Made in America and the U.S.-EU steel and aluminum agreement
In April 2021, the Made in America Office, under the U.S. Office of Management and Budget, was established to centrally, strategically and comprehensively manage in-country sourcing activities for federal procurement.
Earlier, in January 2021, the Administration launched its initiative on policies to promote Buy American policies through an Executive Order outlining a government-wide proposal to use government procurement as one of the methods to strengthen the U.S. manufacturing sector.
It provides for a number of measures, including reviewing institutional actions that are inconsistent with Administration policies, updating the exemption process for “Made in America” provisions, and promoting transparency in federal procurement.
Made in America
As a result of these initiatives, a new proposed rule was announced in July 2021 that would make the most significant changes to the Buy American Promotion Act in many years.
One of the most important proposed changes would immediately raise the domestic content threshold from 55% to 60%, and then gradually increase it to 75%, according to a World Trade Organization (WTO) report.
Procurement covered by the WTO Government Procurement Agreement (GPA) remains exempt from these requirements.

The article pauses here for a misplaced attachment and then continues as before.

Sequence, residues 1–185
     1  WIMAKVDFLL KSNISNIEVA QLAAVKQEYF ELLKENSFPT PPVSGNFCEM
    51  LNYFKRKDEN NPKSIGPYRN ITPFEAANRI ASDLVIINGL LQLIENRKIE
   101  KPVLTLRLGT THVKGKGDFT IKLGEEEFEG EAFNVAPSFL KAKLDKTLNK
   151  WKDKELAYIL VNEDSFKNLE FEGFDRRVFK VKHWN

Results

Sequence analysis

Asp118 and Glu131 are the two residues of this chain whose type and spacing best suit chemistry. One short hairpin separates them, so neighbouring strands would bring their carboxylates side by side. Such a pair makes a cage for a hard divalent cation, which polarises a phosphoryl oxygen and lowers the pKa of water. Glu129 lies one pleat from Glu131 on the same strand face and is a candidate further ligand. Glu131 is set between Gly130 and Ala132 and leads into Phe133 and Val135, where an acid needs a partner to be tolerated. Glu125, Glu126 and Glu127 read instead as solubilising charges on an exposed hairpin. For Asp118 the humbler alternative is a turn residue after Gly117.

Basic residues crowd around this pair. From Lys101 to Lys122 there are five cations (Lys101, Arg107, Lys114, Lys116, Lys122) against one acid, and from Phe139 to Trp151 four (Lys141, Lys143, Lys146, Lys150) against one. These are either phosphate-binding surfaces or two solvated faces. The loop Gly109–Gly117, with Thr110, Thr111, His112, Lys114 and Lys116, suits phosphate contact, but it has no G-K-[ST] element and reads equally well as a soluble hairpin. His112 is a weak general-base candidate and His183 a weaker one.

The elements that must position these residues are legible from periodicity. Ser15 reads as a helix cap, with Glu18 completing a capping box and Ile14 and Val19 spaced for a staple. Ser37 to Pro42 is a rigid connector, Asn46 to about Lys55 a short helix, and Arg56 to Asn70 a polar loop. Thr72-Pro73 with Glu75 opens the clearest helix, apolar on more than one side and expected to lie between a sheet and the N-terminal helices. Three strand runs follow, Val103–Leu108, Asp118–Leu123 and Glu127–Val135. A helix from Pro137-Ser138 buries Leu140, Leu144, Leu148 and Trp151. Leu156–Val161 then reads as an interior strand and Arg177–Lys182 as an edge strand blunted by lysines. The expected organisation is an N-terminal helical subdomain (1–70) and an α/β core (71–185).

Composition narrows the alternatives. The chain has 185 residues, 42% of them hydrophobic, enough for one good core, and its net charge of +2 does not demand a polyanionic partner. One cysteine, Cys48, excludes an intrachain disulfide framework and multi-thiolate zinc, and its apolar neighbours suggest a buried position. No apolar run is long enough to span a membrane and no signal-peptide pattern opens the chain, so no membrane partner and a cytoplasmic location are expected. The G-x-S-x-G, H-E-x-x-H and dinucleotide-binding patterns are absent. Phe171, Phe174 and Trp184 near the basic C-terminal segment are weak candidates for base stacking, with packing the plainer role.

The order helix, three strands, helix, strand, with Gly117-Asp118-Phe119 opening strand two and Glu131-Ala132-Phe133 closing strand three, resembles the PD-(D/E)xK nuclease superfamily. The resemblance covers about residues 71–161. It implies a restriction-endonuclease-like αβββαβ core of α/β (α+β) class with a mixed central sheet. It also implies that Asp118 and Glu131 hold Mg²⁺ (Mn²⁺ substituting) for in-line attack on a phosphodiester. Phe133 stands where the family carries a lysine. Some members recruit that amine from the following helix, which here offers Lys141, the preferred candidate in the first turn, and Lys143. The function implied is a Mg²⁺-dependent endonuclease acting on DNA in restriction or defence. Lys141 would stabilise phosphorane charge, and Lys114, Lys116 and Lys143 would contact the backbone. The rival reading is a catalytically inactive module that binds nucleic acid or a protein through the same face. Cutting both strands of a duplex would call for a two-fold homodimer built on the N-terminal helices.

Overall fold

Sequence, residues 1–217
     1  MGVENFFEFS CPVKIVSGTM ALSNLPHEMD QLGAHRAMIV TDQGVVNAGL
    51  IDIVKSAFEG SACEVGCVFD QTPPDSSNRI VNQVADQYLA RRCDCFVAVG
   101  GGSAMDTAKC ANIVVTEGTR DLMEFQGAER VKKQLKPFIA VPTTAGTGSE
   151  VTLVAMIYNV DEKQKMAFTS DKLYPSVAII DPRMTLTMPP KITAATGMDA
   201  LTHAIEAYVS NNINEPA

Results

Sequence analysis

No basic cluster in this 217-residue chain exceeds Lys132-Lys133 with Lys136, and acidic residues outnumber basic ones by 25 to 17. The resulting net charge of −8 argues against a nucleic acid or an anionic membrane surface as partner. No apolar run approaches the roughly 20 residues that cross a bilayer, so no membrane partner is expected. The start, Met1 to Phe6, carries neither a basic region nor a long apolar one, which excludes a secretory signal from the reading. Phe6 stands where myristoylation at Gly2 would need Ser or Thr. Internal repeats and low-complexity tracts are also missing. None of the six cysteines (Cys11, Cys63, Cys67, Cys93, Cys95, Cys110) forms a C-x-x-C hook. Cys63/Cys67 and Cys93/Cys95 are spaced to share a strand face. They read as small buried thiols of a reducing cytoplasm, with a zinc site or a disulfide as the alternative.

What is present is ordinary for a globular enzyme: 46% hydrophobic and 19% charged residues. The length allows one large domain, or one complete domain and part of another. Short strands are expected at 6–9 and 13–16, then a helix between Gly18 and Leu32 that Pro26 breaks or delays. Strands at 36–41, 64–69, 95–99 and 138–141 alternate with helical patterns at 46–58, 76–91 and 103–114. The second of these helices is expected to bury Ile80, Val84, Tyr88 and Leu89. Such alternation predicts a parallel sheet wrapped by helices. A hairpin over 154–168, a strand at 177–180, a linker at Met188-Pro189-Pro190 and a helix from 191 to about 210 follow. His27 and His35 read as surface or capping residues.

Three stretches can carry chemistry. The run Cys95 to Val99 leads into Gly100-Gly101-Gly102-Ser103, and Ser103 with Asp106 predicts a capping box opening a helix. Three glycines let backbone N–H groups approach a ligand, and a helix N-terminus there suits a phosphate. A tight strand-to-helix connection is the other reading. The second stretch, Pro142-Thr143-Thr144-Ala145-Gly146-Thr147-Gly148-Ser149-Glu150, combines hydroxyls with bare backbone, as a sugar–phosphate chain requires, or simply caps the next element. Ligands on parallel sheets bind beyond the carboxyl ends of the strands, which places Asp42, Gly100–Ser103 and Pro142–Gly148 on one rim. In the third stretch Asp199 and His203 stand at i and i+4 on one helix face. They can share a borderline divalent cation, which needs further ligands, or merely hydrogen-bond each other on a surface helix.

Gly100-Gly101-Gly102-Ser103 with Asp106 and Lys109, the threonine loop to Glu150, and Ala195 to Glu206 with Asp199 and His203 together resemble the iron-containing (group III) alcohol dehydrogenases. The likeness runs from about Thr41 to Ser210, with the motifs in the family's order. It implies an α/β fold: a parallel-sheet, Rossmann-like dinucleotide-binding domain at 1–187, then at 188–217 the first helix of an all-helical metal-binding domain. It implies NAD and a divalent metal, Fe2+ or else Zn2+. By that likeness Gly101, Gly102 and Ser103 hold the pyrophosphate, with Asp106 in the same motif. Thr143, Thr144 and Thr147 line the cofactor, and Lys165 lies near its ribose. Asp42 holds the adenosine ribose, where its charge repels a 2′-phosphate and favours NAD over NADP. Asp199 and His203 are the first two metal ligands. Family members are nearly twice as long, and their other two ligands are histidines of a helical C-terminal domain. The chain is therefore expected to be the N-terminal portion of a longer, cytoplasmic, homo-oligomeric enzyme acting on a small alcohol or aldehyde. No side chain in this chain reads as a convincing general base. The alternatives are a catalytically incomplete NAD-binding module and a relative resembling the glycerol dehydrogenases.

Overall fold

The United States and the European Union announced their intention to negotiate the world’s first carbon-based sectoral agreement on steel and aluminum by October 2023.
As a first step, the two sides reached an interim agreement on aluminum and steel tariffs, and agreed to intensify cooperation on non-market spare capacity, trade enforcement and customs issues.
For the current Administration, equity and inclusion are among its top policy priorities, which will also influence U.S. trade and investment policy in the future.
Thanks to a series of Presidential directives and initiatives regarding a “common effort at all levels of government” to advance race and gender equity, equality, and fairness, many concrete measures are already being implemented and new ones have been included in the President’s FY 2022 budget.
To assist in the development of inclusive, worker-centered trade and trade policy, the USTR Office asked the USITC to investigate the potential distributional effects of trade policy and trade in goods and services on U.S. workers by skill level, wage and salary, gender, race/ethnicity, age, and income level, especially how they affect underserved and underrepresented communities.